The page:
Thursday, January 7, 2010

42. Invisible Sisters: A Memoir by Jessica Handler

I saw Invisible Sisters on the new non-fiction shelf at my library, read the book jacket, and decided to check it out. As it turns out, I misread the book jacket. I thought this was a memoir about two sisters, one of whom was sick and one of whom was not. It's actually about three sisters, two of whom are sick and one who is not. Being the youngest of three sisters, I felt nervous about reading this book once I read the book jacket properly. I didn't want to start imagining scenarios in which my sisters became sick and were taken away from me. So it was with slight dread that I started reading.

Jessica Handler recounts growing up with her mother, father and two younger sisters, Susie and Sarah, in Invisible Sisters. Susie is diagnosed with leukemia at age eight. Sarah suffers from symptoms of Kostmann's syndrome from birth. At one point, Jessica found herself clarifying her status to a nurse, "I'm the well sister." Jessica's family soon becomes accustomed to illness; their family is doctor is also a close family friend, calls and visits to the hospital are routine. Sarah has to learn to swallow pills as a toddler, and all of the sisters practice with candy. Things begin to fall apart when Susie passes away after two years of treatment. The remaining family members don't quite know how to deal with their grief individually or as a group. Jessica's father begins a slow decline into addiction and estrangement from the family, and Jessica herself experiments with alcohol and drugs as a teen. Sarah lives until the age of 27, at which point she succumbs to her illness. Jessica is left the sole surviving sister, haunted by her "invisible sisters" and fantasies of memories they could have made together with their children, had Susie and Sarah lived. Jessica eventually reconciles with her father, forgiving him for past mistakes, and marries in her hometown of Atlanta.

I'm going to start my response to this book with a quote from the About Me section of my sister Mollie's blog:

"The oldest of three sisters, I am somehow always aware of how similar and different we are from each other, and that no one can really know me without knowing them."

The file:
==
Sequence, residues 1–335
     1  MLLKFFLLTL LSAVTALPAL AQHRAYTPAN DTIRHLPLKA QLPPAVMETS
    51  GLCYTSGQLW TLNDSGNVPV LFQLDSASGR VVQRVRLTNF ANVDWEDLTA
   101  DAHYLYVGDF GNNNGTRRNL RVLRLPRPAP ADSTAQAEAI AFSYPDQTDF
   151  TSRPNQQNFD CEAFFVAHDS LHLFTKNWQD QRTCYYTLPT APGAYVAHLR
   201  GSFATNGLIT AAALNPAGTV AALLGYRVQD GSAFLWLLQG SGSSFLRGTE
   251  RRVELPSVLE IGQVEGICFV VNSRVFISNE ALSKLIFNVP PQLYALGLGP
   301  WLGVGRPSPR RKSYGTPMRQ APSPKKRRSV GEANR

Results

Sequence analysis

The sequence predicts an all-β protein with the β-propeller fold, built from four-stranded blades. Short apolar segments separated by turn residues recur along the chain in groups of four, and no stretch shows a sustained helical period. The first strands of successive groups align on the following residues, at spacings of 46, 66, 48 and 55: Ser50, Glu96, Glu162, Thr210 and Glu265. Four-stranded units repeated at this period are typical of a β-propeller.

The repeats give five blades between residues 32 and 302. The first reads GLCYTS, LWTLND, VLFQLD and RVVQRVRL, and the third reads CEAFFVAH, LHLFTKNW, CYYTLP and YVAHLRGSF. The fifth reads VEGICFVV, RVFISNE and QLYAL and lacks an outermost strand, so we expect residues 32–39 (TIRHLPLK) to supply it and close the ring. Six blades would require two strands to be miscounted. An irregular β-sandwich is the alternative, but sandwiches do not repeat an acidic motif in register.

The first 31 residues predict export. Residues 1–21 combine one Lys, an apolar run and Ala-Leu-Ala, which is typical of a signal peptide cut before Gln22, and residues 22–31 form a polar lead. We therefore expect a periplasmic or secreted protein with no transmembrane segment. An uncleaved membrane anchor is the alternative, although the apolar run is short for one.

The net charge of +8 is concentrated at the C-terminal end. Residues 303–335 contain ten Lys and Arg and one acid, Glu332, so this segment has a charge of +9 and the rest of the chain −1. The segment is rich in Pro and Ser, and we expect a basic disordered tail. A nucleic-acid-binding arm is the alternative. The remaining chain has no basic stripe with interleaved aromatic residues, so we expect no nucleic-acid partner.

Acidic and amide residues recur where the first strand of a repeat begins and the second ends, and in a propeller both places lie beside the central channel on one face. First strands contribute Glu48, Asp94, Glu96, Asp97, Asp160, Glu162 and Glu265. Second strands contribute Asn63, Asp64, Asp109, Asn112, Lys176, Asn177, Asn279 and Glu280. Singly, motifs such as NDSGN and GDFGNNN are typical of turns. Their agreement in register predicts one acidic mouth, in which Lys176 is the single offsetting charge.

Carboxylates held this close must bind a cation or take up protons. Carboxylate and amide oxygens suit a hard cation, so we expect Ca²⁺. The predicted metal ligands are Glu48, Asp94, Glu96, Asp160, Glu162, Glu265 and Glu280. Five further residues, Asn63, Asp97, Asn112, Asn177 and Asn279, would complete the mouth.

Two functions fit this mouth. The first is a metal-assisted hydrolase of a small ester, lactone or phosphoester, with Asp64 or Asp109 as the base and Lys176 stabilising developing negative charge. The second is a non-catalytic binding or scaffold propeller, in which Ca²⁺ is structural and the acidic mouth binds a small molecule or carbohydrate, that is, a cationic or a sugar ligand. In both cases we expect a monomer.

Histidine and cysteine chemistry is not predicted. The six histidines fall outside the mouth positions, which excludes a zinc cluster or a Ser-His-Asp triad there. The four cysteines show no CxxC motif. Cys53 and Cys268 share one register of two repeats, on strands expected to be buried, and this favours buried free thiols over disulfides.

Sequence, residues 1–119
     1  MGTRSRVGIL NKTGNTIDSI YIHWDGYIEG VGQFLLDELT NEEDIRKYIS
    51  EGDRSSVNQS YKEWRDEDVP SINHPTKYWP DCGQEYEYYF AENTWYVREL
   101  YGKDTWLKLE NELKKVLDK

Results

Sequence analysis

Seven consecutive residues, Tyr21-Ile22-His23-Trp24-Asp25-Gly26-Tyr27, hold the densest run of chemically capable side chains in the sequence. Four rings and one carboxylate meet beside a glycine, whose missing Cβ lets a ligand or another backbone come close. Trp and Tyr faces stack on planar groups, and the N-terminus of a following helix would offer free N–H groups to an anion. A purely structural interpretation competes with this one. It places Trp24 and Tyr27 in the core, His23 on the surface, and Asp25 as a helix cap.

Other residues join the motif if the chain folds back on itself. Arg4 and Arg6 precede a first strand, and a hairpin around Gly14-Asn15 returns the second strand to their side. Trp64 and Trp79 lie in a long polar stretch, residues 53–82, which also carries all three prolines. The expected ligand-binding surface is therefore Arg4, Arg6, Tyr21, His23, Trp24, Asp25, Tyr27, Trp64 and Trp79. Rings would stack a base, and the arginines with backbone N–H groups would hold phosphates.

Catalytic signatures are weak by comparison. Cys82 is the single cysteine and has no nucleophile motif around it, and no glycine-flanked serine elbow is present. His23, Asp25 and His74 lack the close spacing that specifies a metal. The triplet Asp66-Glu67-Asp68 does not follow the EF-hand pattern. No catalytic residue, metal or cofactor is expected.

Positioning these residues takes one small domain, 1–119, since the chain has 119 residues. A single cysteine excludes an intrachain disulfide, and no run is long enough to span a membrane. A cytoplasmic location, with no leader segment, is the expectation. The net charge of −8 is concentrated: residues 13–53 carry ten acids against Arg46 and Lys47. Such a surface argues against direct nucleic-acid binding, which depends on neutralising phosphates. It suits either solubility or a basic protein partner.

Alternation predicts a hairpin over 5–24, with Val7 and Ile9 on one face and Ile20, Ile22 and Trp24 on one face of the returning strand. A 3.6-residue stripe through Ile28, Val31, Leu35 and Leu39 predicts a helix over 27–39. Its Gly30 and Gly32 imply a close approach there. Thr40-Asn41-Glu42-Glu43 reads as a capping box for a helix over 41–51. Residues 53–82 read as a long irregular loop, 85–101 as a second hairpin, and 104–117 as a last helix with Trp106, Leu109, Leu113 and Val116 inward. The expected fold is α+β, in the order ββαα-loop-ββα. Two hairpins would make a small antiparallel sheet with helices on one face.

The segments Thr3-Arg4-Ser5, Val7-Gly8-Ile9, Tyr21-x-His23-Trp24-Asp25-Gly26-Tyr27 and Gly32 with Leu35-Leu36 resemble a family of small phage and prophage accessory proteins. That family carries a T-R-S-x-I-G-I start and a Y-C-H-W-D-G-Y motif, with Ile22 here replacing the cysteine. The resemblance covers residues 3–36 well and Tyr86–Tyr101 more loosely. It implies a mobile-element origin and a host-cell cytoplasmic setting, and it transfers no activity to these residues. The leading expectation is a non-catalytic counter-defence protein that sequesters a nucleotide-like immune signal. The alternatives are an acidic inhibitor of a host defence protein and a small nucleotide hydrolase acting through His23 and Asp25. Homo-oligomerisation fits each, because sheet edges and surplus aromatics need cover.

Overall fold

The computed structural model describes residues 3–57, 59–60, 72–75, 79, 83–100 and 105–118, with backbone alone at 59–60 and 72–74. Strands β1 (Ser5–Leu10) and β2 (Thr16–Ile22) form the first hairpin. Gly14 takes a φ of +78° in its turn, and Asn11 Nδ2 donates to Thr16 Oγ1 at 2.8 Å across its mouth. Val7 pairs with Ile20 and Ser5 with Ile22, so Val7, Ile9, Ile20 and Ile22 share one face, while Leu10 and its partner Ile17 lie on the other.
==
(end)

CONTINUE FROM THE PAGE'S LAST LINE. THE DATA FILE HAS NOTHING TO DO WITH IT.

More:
I really couldn't have put it better myself. From the day I was born, I was part of a set. The three of us are still known as The Sullivan Girls in some circles. Although Jessica writes eloquently about her experiences, I still can't quite imagine my life if Mollie or Annie had become sick or passed away. I don't want to think about. We still have our whole lives ahead of us, Mollie is getting married this year and none of us are mothers yet. And we're each older than Sarah Handler was when she died. I left the book feeling shaken and sad, but above all incredibly, effing lucky.

This memoir is very well-written and incredibly moving. Even though I was scared to read it and I still don't want to put myself in Handler's shoes, I read the book in one sitting and then felt very appreciative of all that I have. I would definitely recommend it anyone.


Mollie said...

I would have been freaked out to read that book too, especially as the oldest! Thank goodness we're all well, and like you said, with our whole lives in front of us. Maybe that dream I had in which we all were pregnant at the same time will come true!

Magnolia said...

Maybe!!! We could have one huge, joint baby shower! :)

jessica handler said...

Thank you so much for your kind and honest words about my book, and I hope Mollie's dream *does* come true!

I value thoughtful and brave readers like you!

Happy New Year!

Magnolia said...

Jessica, thank you so much for taking the time to read this post! I can't tell you what a thrill it is to read your comment.